The flying lard game
The lard was known by the aborigines from Canary Islands, although its use as food is not sufficiently proven. Añaterve, Mencey from Güimar (Tenerife), presented the conqueror Fernández de Lugo with ’12 shortbread bowls, 12 aged cheeses, 12 fresh cheeses, 12 milk skins and 12 barley hides’ [sic]. Therefore, cheese and lard were part of the diet of the ancient Canaries.
Although the data available regarding this lard relate them to medicinal uses, such as anti-inflammatory medication, for scrubbing, to resolve toothaches and, in particular, in the practices associated with embalming. However, this does not mean that food use could not occur.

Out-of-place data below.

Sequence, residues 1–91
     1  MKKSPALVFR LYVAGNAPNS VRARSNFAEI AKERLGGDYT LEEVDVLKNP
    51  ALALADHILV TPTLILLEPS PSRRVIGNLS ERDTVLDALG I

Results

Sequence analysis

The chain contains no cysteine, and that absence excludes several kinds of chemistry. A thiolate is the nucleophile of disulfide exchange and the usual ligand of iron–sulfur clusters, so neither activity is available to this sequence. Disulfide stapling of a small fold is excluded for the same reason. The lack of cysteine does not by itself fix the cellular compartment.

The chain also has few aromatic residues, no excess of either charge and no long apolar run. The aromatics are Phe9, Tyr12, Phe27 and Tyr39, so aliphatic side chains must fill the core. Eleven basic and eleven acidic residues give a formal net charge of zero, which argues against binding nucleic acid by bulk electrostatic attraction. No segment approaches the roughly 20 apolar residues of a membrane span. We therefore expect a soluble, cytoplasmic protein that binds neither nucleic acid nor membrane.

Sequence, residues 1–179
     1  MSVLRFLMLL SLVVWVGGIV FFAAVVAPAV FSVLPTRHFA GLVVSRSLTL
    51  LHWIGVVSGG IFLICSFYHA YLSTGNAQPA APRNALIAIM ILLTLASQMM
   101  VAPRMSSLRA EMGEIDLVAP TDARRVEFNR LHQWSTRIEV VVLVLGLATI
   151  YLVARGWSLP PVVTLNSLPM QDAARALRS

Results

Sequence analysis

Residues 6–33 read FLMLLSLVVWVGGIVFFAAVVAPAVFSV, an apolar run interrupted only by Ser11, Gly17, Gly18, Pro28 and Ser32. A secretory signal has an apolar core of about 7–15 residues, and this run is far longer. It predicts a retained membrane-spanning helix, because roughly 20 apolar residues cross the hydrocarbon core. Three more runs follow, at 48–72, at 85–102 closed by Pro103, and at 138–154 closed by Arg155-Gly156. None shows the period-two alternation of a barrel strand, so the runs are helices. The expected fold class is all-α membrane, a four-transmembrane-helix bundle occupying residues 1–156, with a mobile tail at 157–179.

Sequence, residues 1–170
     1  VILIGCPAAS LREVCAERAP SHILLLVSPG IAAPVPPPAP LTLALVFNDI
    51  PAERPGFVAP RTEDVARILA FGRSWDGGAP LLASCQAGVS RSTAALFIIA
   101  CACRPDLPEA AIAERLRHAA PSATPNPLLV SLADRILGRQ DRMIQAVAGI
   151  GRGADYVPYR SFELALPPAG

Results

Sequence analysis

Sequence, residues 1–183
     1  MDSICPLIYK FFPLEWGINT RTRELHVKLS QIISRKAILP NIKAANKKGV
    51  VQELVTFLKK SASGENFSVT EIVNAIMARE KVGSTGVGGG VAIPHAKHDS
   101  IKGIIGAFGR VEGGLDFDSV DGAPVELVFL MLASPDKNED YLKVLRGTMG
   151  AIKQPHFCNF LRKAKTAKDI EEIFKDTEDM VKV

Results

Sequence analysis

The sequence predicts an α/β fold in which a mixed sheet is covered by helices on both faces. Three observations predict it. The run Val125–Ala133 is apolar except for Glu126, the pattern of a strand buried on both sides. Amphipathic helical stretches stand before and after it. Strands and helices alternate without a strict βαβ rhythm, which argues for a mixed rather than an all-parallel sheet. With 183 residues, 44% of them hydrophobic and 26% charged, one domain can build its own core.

The way to obtain the lard in those days was, at least, very curious. A skin of skin was filled with milk halfway and then two women, separated by ten feet, threw it between them. Yes, as if it were a ball.
This curious system for making homemade butter persisted in the south of Tenerife until recently. One more fact that confirms the survival of old ancestral customs in some Canarian zones.